In the 10 km long contract section 3 tricky geological conditions are expected. In 2012 a Robbins TBM began operating from Shaft 10 towards Shaft 13.
In contract section 4 later in 2012, the 10 km long drive with a Robbins TBM began in Shaft 17 heading for Shaft 13. Sandy soil is expected here with volcanic ash and blocks of rock. Water pressure in this section is anticipated at 6 bar.
After the Robbins TBM concludes the additional drive in contract section 1, it will embark on the 10 km long contract section 5 drive from Shaft 20 to Shaft 17.
A Herrenknecht TBM began its 10 km long drive in September 2010 in contract section 6 from the portal to Shaft 20.
Pumps were used initially and now they are using fabric belt continuous conveyors that transfer to J-type vertical belt conveyors to move muck up the shafts. The J-type belt has a small footprint for limited site space, and is used at TEO with a vertical belt storage unit, also to save space in the small site footprint.
Ing. José Miguel Guevarra Torres, Emisor Oriente project manager from Conagua, provided us with an impression of the project (Fig. 20). According to Guevarra the project has to be seen from 2 angles. First of all there is the 62 km long tunnel with 7 m diameter. Then there are a large number of different geologies present at each of the faces for the 6 drives. The excavation runs through 3 different urban districts with a vast number of complicated passages and undercuts in some cases only a slight distance away or with minimal overburden. As the groundwater level falls the city inevitably subsides, a process reflecting extreme differences of intensity at many places depending on the given geological conditions. Work on diverting the surface water from the Mexico Valley and the Mezqual Valley began as far back as 1635. Since then the lake has dried out. The Gran Canal was opened in 1900 to cope with the city’s wastewater and towards this end it had to be diverted via the mountains in the Sierra Guadelupe. Initially this took placed assisted by a defined slope running from the city but in the course of the years this situation has reversed. This is revealed particularly when heavy rain falls and the canal bursts its banks in the shortest possible time. In addition to the Emisor Oriente further clarification systems are under construction. The first important section of the Emisor Oriente is due to be completed in 2012 and then the pumping station with the clarification plant at Shaft 5 can divert floodwater into the Gran Canal. A major problem that still remains unresolved is how to provide Mexico City with drinking water.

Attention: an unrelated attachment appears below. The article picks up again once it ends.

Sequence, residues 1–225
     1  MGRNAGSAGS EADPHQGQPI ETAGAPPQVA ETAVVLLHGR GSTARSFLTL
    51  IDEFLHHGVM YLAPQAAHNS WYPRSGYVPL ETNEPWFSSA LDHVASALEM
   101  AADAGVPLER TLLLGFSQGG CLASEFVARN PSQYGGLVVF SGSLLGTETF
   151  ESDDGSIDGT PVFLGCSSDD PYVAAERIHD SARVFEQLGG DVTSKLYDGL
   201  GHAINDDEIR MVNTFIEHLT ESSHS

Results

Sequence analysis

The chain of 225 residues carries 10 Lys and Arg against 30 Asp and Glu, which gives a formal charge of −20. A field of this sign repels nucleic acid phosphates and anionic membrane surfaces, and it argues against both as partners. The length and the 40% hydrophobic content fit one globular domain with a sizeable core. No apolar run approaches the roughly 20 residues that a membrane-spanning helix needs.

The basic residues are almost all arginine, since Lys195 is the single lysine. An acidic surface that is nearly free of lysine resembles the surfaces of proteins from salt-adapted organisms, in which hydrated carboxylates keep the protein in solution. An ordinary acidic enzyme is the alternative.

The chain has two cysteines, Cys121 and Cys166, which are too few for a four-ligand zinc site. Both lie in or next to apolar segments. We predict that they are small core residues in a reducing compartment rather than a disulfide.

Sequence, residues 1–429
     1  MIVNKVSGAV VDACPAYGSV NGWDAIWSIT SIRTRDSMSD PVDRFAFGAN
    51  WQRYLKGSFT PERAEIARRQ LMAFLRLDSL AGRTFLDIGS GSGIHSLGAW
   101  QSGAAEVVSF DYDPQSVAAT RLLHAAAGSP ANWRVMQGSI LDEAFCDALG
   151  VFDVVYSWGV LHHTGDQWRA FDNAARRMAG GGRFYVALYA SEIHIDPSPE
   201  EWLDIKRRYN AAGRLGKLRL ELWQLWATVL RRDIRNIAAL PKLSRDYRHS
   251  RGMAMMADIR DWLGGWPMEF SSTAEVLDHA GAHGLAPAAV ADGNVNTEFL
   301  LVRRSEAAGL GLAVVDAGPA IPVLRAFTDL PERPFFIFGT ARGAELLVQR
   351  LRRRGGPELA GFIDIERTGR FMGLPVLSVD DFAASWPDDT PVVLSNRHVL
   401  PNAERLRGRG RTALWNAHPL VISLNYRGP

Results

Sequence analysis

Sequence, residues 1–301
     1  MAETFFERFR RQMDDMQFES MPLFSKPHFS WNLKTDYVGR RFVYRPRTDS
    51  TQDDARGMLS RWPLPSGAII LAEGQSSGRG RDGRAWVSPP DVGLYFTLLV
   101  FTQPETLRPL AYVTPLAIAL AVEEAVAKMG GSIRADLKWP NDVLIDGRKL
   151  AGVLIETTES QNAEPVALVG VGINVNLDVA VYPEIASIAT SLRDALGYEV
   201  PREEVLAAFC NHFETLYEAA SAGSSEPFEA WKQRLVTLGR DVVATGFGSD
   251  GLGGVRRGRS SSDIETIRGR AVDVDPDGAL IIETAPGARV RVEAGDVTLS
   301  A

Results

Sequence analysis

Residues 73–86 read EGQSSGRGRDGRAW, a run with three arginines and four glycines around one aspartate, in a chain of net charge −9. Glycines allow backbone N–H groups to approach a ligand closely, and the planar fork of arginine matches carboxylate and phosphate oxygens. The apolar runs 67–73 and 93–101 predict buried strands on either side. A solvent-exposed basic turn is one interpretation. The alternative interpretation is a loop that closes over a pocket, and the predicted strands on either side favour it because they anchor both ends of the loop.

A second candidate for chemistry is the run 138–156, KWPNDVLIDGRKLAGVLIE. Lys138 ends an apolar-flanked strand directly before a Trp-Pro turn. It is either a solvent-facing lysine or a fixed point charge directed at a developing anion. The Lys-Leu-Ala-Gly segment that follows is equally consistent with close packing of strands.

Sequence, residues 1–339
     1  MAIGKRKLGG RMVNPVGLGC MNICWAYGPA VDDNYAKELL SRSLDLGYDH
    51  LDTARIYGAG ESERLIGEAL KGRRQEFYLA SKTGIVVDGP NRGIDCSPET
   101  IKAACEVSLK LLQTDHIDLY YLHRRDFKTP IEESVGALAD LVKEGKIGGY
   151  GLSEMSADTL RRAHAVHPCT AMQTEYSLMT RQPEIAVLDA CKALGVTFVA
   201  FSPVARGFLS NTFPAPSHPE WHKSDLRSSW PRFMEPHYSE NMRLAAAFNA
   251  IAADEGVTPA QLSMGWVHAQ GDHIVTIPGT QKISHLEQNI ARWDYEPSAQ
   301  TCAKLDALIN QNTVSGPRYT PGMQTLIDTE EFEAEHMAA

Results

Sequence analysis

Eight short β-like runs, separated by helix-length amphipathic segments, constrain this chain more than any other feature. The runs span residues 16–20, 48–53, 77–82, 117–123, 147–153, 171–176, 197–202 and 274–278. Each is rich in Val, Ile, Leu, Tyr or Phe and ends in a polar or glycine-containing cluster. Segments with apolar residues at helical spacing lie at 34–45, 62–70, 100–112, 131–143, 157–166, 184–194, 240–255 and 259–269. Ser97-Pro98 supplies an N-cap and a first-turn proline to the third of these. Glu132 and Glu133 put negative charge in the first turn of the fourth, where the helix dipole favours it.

Numerous big cities throughout the world have to face up to similar problems. However these may not be as huge and concentrated as they are in Mexico City. Whatever the case solutions that include resorting to tunnels always provide an acceptable, innovative and sustainable way out.